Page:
Four things we can do to enable the production of more nutritious foods

Daniel Alberts, Senior Manager, Agriculture and Nutrition, GAIN

If you were asked “What does a farmer do?” you might reply that “A farmer grows crops.” But you’d be wrong. In fact, crops grow themselves. The farmer’s job is to create an environment in which the crops will grow—and, ideally, thrive.

A farmer can’t force a seed to germinate, she can’t force maize to tassel, he can’t convince soybeans to take up micronutrients from the soil. But a farmer can ensure that the soil is tilled, that the weeds and pests are kept at bay, and that seeds are planted in the right place at the right time. Rainfall and sunshine are factors beyond the farmer’s control.

Given the right environment, crops (like animals, including humans) will grow to achieve their full potential.

Enterprises, too, will grow to achieve their potential, as long as the environment that surrounds them enables them to do so. The success of an organisation depends on a multitude of factors—internal as well as external. In general, however, businesses will rise to meet consumers’ needs once there is an environment that enables them to do so, and as long as there are rewarding incentives for doing so.

For more than three years, GAIN’s Marketplace for Nutritious Foods has supported small and medium enterprises (SMEs) whose innovative products increase local consumers’ ability to access diverse, nutritious foods. We’re increasing consumers’ access to poultry in Kenya, to protein-rich peanut butter in Mozambique, and to animal-sourced foods, like pork and eggs, in Rwanda.

Our targeted support to individual, innovative companies has been transformative and impactful. The companies we’re supporting have put over 16 million servings of nutritious foods in markets that serve low-income consumers. Increased domestic production of nutritious foods benefits African countries in many ways: economically, by creating jobs and cutting imports; nutritionally, by adding nutritious foods and replacing unhealthy food options; and agriculturally, by making use of crops that can be produced by the country’s own farmers.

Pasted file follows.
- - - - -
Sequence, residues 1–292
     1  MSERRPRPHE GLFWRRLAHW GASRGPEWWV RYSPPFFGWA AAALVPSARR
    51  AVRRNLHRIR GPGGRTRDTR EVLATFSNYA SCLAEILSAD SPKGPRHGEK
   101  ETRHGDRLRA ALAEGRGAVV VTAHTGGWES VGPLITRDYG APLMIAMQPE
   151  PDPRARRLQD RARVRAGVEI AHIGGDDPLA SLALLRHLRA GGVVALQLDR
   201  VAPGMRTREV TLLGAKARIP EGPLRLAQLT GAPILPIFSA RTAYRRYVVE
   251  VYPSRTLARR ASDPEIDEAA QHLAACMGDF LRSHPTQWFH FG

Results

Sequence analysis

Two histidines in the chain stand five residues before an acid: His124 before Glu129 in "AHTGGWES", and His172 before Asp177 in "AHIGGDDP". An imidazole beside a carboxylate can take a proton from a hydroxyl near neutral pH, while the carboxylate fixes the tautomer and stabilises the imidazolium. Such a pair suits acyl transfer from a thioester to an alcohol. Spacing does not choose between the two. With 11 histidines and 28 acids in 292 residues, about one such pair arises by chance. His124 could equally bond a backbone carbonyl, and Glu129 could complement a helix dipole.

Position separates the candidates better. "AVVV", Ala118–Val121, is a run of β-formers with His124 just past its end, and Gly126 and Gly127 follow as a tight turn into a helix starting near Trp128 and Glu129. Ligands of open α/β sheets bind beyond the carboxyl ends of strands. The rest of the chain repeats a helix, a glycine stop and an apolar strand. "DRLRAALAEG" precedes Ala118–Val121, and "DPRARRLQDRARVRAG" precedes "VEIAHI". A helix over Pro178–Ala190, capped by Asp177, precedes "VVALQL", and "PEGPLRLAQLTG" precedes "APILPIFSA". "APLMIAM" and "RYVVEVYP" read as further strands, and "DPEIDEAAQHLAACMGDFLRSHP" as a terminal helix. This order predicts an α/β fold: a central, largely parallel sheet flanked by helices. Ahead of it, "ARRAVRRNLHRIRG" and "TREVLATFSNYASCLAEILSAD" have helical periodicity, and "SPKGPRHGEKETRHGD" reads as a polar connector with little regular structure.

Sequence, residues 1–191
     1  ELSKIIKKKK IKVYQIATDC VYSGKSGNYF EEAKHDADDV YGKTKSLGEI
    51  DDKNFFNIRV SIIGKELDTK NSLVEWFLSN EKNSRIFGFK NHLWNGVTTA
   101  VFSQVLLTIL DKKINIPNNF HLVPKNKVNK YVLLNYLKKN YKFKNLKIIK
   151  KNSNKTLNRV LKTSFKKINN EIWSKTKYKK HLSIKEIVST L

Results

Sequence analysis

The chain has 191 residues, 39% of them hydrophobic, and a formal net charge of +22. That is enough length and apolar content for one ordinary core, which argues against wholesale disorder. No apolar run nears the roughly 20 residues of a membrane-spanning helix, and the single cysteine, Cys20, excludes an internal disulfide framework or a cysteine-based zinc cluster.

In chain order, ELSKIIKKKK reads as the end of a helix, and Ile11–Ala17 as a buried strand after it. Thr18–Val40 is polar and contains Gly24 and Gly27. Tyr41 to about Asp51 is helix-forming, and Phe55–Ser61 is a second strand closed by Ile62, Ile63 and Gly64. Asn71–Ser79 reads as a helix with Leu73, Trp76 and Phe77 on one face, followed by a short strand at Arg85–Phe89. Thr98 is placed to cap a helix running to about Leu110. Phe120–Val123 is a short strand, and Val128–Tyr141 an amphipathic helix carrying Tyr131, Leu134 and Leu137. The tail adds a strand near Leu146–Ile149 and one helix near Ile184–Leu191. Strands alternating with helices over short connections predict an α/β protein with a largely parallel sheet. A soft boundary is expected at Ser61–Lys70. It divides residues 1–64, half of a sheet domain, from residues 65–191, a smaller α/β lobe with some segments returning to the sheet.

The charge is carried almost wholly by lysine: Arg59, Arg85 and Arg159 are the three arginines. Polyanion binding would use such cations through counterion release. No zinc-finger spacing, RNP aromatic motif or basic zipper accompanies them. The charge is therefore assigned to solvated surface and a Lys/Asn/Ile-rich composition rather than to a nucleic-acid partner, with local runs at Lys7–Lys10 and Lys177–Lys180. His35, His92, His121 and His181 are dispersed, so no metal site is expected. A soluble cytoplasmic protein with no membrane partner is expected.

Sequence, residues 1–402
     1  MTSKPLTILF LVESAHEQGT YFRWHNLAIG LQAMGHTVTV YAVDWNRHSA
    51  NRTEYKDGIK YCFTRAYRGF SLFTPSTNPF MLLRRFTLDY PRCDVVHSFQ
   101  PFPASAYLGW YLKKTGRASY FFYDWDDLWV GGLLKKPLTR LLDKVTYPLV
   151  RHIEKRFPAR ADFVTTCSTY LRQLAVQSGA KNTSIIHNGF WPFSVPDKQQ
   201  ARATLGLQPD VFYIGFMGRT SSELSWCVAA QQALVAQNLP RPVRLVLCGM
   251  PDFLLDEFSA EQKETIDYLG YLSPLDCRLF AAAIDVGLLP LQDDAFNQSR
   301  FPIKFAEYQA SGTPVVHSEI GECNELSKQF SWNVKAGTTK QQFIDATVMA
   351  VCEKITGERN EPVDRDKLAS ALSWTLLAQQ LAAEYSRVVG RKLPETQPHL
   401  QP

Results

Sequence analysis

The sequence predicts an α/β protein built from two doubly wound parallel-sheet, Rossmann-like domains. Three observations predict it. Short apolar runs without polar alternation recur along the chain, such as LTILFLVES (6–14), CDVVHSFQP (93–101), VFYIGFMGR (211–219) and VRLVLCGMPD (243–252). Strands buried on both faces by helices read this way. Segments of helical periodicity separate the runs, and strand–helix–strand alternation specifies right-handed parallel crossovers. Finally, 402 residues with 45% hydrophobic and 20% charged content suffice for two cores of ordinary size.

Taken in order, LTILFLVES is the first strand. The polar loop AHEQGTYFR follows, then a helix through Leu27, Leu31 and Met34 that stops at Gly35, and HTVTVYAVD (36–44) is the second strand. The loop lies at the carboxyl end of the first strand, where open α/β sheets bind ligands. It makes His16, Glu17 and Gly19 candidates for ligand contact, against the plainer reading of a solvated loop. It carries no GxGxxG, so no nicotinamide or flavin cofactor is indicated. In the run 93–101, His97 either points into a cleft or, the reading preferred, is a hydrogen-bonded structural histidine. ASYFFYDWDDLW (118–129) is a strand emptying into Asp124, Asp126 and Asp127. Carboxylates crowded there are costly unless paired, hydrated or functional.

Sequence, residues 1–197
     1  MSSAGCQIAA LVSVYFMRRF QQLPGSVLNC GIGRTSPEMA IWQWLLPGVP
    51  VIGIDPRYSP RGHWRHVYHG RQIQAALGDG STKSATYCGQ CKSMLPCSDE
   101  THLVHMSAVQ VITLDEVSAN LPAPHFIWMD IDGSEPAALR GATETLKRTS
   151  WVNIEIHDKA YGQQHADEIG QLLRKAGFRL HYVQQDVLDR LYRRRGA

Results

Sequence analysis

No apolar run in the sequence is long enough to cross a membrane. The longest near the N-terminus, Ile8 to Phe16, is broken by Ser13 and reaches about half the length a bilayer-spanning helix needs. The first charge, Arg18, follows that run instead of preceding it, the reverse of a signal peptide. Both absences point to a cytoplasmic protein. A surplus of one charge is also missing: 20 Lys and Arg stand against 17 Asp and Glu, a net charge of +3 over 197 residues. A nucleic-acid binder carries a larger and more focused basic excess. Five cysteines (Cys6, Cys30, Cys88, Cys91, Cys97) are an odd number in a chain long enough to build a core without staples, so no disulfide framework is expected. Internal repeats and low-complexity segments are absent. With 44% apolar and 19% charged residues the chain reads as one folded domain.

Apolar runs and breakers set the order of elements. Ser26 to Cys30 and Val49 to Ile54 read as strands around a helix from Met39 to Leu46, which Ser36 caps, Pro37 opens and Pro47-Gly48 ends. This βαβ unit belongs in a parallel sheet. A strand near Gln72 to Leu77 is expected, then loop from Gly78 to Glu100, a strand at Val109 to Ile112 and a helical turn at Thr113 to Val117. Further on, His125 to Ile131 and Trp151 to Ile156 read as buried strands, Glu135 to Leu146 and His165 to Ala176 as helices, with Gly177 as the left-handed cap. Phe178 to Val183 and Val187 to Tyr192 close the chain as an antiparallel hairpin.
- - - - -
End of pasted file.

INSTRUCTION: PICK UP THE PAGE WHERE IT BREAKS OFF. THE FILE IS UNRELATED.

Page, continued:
However, to achieve impact at even greater scale we will have to increase and broaden our efforts. To realise the gains that the battle against malnutrition requires of us, we’ll need to focus not only on individual enterprises, but on the entire ecosystem in which such enterprises operate, and on the food system that they comprise.

‘Access to finance’ is always a problem for SME’s, but leaving that discussion aside for now, there are a few things we can do to create an environment that supports inclusive businesses’ ability to make nutritious foods available to low-income consumers:


  • Support companies to put safe, high-quality food on the market by providing access to testing, certification, and labelling for foods that are nutritious and that meet food quality standards.

We must cooperate to ensure that businesses sell products that are not harmful to consumers, and that products live up to advertising and labelling claims. In many poor countries, small businesses lack the technical knowledge and funding to ensure their products meet food safety and quality standards, while governments lack the financial and human resources to design, implement, and enforce systems that ensure that foods are safe and that they live up to their claims. We must build laboratories, train chemists, and create systems that sensitise and inform consumers that the foods they’re consuming are tested and safe.